ST. PAUL, Minn. — Four shutouts in their first 17 games.
Or you can break it down in a way that sounds a little more alarming: the Flyers essentially have given themselves no shot at winning 24 percent of their games this season which, in part, explains why they’re in last place in a very tightly-packed Metropolitan Division.
“It’s tough to say,” forward Scott Laughton said Tuesday. “I think we’re aware of it for sure. We’ve been shut out four times now and it’s not fun.”
“Everyone’s got pride in their offensive game, and when you get shut out, it doesn’t feel good,” forward Jordan Weal said. “I think if we can really get to our game and do it for a full 60 minutes tonight, I see something going in.”
The Flyers had a similar stretch of offensive ineptitude last season when they were blanked five times over a 19-game stretch from late December to early February, and they finished the season on the wrong side of eight shutouts, which ranked in the bottom five of the league.
The logic is rather simple: when you can’t score, you can’t win, and that has been the case against some of the better goaltenders in the league. L.A.’s Jonathan Quick, Nashville’s Pekka Rinne, Chicago’s Corey Crawford and Minnesota’s Devan Dubnyk are big, rangy netminders who cover a lot of area.
“Three of those guys are really big goalies who fight through traffic,” Laughton said. “I thought last game Dubnyk was good but we've got to get more traffic on him, and create better chances for ourselves. If our first line doesn’t score, we’ve got to have other guys who step up.”
Perhaps a little overdue in switching up his second and third lines, head coach Dave Hakstol recognized a needed change after Saturday’s loss to Minnesota in which the Valtteri Filppula and Jori Lehtera lines failed to generate anything off the rush playing with little speed through the neutral zone.
“There’s no need for a desperate mentality or anything like that,” Hakstol said. “A couple of games where we didn’t score, maybe we could have done a little more, gotten to the net a little bit harder, could have found a rebound here or there. In all of those games, we ran into good goaltending performances, but again, you have to find a way to alter that. We can do a little more.”
Whatever the message, the Flyers have been quick to fix their flaws this season. In each of the three games proceeding a shutout, they’ve responded with a win in their next game, outscoring their opponents, 7-3.
“We’ve addressed a few things after the game, and we talked about those things after the games we were shut out and I think we came up with good energy and a mentality,” defenseman Ivan Provorov said.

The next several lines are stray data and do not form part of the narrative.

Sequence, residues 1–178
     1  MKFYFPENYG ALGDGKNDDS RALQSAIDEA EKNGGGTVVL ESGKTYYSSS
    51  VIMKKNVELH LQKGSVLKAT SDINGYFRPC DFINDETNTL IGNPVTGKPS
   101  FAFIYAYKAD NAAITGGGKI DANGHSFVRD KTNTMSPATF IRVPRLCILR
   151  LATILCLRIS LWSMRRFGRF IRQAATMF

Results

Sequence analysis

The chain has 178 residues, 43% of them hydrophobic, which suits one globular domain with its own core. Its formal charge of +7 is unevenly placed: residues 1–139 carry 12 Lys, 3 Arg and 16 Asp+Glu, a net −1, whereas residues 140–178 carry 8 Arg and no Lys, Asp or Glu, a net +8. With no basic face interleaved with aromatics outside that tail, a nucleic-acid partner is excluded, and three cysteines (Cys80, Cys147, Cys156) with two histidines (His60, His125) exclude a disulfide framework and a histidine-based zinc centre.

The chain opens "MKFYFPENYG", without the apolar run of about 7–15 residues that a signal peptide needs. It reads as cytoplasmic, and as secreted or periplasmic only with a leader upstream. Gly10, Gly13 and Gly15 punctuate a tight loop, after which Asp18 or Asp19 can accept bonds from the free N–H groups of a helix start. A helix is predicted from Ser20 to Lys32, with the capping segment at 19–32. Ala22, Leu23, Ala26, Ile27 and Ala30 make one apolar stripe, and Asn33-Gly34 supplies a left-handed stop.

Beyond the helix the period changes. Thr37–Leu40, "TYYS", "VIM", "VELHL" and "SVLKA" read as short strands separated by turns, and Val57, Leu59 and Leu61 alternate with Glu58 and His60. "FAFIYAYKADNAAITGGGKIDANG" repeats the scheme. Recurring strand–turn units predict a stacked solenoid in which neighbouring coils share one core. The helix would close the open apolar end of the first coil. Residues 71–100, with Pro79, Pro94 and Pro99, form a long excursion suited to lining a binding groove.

However, tonight’s game is different. It’s a rare home-and-home against a Western Conference opponent they don’t see too often and once again facing Dubnyk, who will be looking to extend his shutout streak of 138 minutes and 20 seconds following his 1-0 victory Saturday at the Wells Fargo Center.
Wayne Simmonds believes the Flyers can alter their offensive approach by not jamming up the area in front of the crease.
“We had some chances, we just didn’t bury it,” Simmonds said. “They played pretty much five guys packed right in front of the net. We probably needed to maybe pop a guy out or pop a guy up top or something.”
Patrick still out
Flyers rookie Nolan Patrick skated with teammates for a second straight day, however, he’ll miss his ninth straight game with an upper-body injury that he suffered in a game against the Anaheim Ducks on Oct. 24. Patrick has now skated in some capacity in five of the last six days, providing the possibility he could return to the lineup against the Winnipeg Jets Thursday night.
General manager Ron Hextall hinted that Andrew MacDonald could return to the team Monday, but the defenseman did not skate then, and although he traveled with the team, MacDonald was not on the ice for Tuesday’s morning skate at the Xcel Energy Center in St. Paul. MacDonald will miss his 10th straight game with a lower-body injury and likely won’t return until Saturday’s game against the Calgary Flames at the earliest.
Zucker going wild
Minnesota’s Jason Zucker is on a remarkable tear, scoring the Wild’s last six goals over their past three games. No Flyer has done that in their 51-year history and the last Flyer to register six goals over a three-game span was Simmonds when he had multi-goal games in December of 2013.
“You obviously have to be aware,” Hakstol said of Zucker’s presence on the ice. “He’s on a heck of a run. He’s obviously feeling good and he’s a good player and a good offensive player who’s feeling it. So you have to be aware.”